5th. Bills of the house and from the senate, on the speaker's table, on their engrossment, or on being ordered to a third reading, to be taken up and considered in the order of time in which they passed to a second reading.
This is a very judicious regulation, giving to each bill its proper order, dating it according to the or
der of time in which it had passed to a second reading. If there were no regulations of this kind, great difficulty would occur in taking up the bills that had gone to a third reading.
The messages, communications, and bills, on his table, having been disposed of, the speaker will proceed to "call the orders of the day."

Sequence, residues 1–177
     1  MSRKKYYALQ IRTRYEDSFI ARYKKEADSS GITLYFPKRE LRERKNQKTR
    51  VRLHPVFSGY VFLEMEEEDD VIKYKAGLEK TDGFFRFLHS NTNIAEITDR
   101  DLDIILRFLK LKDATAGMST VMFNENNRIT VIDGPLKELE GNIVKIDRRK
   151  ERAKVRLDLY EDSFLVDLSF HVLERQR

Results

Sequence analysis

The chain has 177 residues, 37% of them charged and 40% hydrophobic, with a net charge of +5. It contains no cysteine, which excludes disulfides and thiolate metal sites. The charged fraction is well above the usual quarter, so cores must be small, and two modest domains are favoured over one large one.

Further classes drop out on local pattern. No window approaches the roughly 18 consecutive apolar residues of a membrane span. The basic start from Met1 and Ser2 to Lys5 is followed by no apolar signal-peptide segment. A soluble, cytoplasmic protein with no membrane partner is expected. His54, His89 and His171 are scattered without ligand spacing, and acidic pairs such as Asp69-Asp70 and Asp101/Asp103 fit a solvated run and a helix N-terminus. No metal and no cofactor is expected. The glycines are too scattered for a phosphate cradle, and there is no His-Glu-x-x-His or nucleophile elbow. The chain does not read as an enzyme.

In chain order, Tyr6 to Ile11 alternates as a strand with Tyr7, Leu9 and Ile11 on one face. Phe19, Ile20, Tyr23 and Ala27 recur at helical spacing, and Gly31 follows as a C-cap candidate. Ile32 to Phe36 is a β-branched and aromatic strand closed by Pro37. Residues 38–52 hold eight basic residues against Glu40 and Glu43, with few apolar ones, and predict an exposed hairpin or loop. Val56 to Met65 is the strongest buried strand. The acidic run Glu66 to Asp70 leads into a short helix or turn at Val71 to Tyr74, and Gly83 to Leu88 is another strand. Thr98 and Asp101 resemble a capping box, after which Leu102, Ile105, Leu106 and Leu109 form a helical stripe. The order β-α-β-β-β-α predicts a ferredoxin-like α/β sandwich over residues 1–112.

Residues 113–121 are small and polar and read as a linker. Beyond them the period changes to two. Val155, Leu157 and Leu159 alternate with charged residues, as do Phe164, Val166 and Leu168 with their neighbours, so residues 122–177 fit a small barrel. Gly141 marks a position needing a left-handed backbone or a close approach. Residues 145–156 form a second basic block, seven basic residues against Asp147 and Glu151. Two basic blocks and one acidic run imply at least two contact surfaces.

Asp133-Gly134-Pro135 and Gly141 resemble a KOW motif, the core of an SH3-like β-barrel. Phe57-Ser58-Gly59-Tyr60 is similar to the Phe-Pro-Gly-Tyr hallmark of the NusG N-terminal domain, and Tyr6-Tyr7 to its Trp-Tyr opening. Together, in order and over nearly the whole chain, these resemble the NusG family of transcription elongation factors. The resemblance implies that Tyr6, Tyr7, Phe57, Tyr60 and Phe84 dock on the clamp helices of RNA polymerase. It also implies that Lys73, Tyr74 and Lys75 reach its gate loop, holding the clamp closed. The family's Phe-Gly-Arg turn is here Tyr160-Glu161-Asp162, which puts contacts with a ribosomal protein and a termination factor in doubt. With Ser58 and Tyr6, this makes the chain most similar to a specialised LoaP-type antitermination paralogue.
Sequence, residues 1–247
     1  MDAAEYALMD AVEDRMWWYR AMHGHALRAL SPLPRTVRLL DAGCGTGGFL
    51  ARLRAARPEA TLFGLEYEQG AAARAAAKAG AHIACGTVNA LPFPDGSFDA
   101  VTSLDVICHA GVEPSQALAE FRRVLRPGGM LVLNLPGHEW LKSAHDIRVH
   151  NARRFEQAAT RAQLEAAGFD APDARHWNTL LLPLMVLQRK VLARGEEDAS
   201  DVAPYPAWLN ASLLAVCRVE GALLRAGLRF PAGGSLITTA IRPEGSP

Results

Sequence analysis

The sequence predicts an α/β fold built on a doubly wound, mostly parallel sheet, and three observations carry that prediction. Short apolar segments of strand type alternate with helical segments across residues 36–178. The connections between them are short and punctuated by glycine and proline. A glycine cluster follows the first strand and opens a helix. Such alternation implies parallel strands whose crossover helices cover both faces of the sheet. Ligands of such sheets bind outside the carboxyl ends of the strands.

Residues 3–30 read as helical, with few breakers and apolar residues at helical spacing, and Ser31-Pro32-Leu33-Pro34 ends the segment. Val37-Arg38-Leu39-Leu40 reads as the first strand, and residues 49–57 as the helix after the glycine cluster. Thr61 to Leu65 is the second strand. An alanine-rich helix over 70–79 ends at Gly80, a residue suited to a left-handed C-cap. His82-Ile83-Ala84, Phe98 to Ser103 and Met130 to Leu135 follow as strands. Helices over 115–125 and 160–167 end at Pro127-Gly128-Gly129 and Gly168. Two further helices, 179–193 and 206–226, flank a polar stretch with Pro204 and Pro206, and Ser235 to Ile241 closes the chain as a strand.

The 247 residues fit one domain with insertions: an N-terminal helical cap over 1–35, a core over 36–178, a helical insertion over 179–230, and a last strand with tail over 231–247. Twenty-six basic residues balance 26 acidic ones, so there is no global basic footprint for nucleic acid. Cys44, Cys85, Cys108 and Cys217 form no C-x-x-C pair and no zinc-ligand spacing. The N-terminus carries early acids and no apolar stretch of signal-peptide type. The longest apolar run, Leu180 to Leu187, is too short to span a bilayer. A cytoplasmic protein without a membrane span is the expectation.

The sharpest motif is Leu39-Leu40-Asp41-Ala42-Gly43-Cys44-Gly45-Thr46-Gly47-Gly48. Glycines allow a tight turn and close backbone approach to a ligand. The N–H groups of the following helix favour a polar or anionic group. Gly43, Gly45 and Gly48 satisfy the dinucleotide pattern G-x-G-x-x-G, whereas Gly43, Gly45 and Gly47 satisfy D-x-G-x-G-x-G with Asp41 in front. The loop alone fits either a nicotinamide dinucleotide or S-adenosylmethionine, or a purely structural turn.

If the speaker strictly adheres to these rules, he will be sure to carry on the business of the nation impartially and successfully, and establish a character for ability, punctuality and despatch. This point has been pressed upon the chair, under a firm conviction, that it is the only true mode of correctly passing or acting upon the whole business of the house. It gives all bills that are furthest advanced a sure chance of being acted upon. But if, after all these rules, so carefully prepared, to finish the business so far progressed in towards final completion, the house should adjourn with bills on a third reading, or amendments pending between the two houses, rely upon it, the speaker has not faithfully lived up to the rules, which direct him to dispose of all matters on the speaker's table, before he proceeds to the orders of the day. The speaker will, himself, find his duties much more readily executed, by adhering strictly to this order of proceeding. They are designed, especially, to leave no bills unacted upon, which have once reached a third reading, or are hanging between the two houses on amendments. Ile must, to be successful in the execution of these rules, commence with them at the opening of the session, and adhere to them throughout. No special order can interfere with the business on the speak.